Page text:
Autumn Freeman knew she had the ability to be a scorer for the Mountain Valley girls basketball team.

The senior finally realized that potential in the first game of the season, when she poured in 40 points in a 59-38 victory over Boothbay. 

Mountain Valley’s Autumn Freeman, left drives to the basket for a shot during a home game against Winthrop last month. Russ Dillingham/Sun Journal

Fifteen of those points came on five 3-pointers in the first quarter, each one increasingly surprising to Freeman. 

“At the Boothbay game I was more surprised than cocky,” Freeman said. “I was feeling good at first, and so I had the poker face, but then I hit the deep 3 and I was surprised so I broke the poker face. … I definitely think after I hit the deep 3-pointer, you can watch the tape and me and Alana (Young) are just wide-eyed, I just stopped in my steps.

“I was surprised it went in but it felt so good and so natural and I could feel it. I have it in me, I just have to show it.”

Scoring has been a theme for Freeman since the start of her senior year at Mountain Valley High School.


During the field hockey season in the fall, she scored a lot and she scored at important moments for the Falcons, who reached the Class C North semifinals.

In a quarterfinal matchup against Orono, Freeman’s third-quarter goal tied the game, then she scored the game-winner in the second overtime period to advance Mountain Valley to the semifinals.

Freeman, who was named to the Sun Journal’s All-RegionField Hockey Team, scored 28 goals and tallied 15 assists in her senior season. She finished her career with 38 goals and 41 assists.

Mountain Valley’s Autumn Freeman, left, dribbles up the court during a home game against Winthrop on Jan. 20. Russ Dillingham/Sun Journal


During her freshman basketball season, Freeman was the the first player off the bench for the Falcons. Then she was a supplementary scorer for two years next to Rylee Sevigny, who graduated in 2021.

Freeman’s confidence has increased throughout the 2021-22 season. Along with her 40-point game, Freeman scored 19, 18 (twice) and 16 in games this season for the Falcons (6-8).


“I felt better about myself with confidence because the past couple years I haven’t been the scorer; I usually get the ball and get the assist,” Freeman said. “This year it feels good to just be myself and show what I have.”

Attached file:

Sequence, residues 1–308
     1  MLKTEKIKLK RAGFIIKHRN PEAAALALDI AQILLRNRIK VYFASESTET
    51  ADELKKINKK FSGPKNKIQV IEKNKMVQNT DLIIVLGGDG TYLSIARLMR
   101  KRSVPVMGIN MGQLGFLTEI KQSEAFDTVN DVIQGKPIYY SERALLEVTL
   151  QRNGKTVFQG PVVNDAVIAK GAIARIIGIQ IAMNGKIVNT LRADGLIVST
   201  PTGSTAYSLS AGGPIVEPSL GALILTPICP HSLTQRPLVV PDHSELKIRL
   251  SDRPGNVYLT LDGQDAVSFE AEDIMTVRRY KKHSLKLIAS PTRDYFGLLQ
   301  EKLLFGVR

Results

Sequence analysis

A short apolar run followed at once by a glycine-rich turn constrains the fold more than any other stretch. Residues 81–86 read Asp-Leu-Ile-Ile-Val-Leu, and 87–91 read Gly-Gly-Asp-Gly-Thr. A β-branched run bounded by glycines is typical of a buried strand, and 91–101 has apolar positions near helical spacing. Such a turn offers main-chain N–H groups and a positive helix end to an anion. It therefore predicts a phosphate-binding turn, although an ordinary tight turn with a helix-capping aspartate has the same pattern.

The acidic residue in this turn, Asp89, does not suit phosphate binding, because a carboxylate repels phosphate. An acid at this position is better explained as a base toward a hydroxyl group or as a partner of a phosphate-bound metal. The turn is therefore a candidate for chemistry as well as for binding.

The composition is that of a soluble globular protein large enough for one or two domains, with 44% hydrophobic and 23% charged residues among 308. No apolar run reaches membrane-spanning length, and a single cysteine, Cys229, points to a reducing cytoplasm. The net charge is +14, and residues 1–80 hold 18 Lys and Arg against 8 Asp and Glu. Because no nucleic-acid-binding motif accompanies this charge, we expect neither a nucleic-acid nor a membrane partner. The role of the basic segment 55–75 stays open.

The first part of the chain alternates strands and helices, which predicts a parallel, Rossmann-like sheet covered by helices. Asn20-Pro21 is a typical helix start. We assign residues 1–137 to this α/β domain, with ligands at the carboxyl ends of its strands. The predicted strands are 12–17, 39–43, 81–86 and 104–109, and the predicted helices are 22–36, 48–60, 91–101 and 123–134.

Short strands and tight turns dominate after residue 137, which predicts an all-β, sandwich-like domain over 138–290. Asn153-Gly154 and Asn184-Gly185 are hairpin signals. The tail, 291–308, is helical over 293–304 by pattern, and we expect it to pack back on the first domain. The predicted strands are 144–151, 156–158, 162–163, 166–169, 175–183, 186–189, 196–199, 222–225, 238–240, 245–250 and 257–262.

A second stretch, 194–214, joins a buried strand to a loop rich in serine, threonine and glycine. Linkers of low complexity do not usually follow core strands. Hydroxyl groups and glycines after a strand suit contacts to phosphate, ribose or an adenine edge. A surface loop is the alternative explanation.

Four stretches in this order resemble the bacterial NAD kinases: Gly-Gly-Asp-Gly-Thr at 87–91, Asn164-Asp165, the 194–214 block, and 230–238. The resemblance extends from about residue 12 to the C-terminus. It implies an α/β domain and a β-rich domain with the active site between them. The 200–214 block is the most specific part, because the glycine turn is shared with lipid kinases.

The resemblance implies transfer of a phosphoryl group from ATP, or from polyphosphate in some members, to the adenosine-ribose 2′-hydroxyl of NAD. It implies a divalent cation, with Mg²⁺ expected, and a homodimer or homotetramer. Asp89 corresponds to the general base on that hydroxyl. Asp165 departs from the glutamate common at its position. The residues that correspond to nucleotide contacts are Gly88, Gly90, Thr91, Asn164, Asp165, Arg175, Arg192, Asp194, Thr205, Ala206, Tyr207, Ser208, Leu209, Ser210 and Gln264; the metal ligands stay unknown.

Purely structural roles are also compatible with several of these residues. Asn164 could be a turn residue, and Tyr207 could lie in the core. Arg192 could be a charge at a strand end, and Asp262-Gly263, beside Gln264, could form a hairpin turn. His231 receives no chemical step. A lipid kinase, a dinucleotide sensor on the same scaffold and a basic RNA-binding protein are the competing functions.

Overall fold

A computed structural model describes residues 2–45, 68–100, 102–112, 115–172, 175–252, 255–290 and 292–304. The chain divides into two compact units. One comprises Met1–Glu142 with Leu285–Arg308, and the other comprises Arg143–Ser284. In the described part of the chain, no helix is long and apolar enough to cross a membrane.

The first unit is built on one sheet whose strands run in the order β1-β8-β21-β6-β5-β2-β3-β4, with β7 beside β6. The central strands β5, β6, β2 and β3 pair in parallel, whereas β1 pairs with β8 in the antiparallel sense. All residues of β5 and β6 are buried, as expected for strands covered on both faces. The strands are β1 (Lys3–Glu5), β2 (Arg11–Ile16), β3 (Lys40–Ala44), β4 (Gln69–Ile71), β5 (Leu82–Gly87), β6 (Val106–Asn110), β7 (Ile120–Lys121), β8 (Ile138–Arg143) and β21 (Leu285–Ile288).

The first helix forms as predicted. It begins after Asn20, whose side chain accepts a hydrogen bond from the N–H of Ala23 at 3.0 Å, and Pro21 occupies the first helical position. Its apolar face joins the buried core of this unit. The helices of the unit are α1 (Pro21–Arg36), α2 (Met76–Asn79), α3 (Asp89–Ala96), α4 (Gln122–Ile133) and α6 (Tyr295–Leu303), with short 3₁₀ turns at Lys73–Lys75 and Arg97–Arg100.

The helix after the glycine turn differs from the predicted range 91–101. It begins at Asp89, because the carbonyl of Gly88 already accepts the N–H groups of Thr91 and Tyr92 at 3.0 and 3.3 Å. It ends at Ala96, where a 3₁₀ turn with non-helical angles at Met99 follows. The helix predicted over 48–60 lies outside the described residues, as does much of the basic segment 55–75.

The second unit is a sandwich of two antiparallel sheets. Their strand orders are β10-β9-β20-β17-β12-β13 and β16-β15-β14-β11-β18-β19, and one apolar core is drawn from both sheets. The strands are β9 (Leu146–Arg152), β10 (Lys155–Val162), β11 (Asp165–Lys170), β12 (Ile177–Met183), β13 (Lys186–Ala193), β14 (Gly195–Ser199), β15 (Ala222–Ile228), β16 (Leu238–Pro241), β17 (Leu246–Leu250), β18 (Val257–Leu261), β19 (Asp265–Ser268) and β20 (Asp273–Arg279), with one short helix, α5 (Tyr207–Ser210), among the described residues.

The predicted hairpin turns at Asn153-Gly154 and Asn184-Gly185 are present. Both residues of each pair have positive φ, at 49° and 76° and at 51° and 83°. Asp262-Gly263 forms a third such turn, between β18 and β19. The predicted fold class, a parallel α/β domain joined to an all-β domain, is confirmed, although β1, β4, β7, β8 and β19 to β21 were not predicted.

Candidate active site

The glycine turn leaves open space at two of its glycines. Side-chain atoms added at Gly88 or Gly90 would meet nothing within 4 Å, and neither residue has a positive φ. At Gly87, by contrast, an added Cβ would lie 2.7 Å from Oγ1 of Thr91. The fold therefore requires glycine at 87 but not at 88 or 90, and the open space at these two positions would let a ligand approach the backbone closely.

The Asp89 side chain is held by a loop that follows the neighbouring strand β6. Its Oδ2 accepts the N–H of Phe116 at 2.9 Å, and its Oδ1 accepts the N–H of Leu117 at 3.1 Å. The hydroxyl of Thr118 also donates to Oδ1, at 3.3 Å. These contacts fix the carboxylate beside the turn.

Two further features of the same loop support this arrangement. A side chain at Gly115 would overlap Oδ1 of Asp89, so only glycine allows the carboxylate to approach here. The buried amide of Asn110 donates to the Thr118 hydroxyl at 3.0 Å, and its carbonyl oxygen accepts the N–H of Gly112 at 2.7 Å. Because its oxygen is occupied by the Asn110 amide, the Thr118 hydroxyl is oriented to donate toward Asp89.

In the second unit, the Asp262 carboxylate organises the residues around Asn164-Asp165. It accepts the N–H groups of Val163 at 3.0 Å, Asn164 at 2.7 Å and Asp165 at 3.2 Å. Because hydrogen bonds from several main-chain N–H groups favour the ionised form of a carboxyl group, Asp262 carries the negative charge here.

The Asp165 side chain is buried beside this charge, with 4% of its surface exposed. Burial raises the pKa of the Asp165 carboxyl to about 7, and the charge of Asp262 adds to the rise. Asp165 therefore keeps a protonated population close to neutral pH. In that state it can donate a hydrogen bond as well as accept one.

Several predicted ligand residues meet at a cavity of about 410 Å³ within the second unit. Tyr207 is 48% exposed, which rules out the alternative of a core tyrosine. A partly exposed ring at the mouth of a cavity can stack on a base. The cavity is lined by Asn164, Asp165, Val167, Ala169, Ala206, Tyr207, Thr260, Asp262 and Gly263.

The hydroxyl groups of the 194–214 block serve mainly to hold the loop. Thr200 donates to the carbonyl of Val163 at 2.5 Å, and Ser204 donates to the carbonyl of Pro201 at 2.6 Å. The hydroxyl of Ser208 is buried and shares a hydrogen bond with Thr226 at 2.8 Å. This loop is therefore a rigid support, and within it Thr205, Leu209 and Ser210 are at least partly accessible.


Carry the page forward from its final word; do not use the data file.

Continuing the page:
Milledge said that opponents, now that they know Freeman can score, are making adjustments to try to slow her.

Mountain Valley’s Autumn Freeman, left, drives to the basket for a shot during a home game against Winthrop on Jan. 20, 2022. Russ Dillingham/Sun Journal

“Autumn can score, but the difference now is it’s not a secret,” Milledge said. “We’re seeing more box-and-ones this season than in the 10 years I’ve had coaching this program. Teams are keying on her, they don’t want her to beat them. … Underclassmen will need to step up and score because teams aren’t going to give Autumn an inch.”

Freeman has taken time to help those underclassmen expand their skills.

“I helped all the freshmen and JV players do Euro steps,” Freeman said. “They said, ‘How do you do that?’ I said, ‘I’ll teach you.’ They tried them on me and I helped them fix what they did wrong, and then one of them did it in a game and I yelled, ‘I taught them to do that.’

“When I was a freshman I was getting varsity minutes, I was like the sixth man, so I took on the leadership role pretty early. I had to figure it out, and then when they came up we all figured it out together. … I was nervous because soccer and field hockey girls come in and you don’t know each other that well, middle of the year, everyone’s grumpy, so I thought the chemistry wasn’t going to be as good. I love everyone like my siblings, and ‘Family’ is on our back for a reason.”



Freeman has taken on a larger leadership role for the Falcons, along with fellow seniors Alana Young and Emily Richard.

Seniors Alana Young, left, Emily Richard, middle, and Autumn Freeman are leaders for the Mountain Valley girls basketball team. Adam Robinson/Sun Journal

Freeman is the on-court leader, the one who younger players go to with basketball problems. For off-the-court guidance, teammates seek out Young and Richard.

“We did a team bonding activity, they would say something about me that inspires them, then something about Autumn, and they told me they liked my leadership skills,” Young said. “I am like the mom of the group, I take care of my people.”

The senior leaders provided comfort to their teammates after a tough 44-18 loss to Spruce Mountain last month.

“Autumn was just in the locker room after we got beat by 20-something, after we got our butts kicked, and her and the other two seniors were talking about how much they cared about their teammates and how much they were there for them no matter what happens to us,” Milledge said. “That’s way bigger than basketball. As a coach, to have three seniors like that and to know the underclassmen are in their hands when you’re not around is incredibly important and means way more to me than if we win 18 games or five.”

“I think this year we are focused on our character,” Richard added. “Even after losses we are making sure that we are together and that we are one.”

The three seniors have a strong bond on the court. Richard plays soccer in the fall and Young and Freeman play field hockey, but the three have been playing basketball together since middle school.

“I know Alana, she has her pump fakes and I know when she is on,” Freeman said. “I’ve known Alana since I was born, pretty much, and I know Emily well, too. We just all clicked together. On the court, off the court, it’s a good click that we’ve had.”

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